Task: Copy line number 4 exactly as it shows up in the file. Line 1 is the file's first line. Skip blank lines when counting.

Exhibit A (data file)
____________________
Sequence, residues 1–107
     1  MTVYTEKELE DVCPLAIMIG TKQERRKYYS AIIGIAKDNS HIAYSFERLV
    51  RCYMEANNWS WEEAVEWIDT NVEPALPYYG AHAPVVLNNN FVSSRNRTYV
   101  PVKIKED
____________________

   101  PVKIKED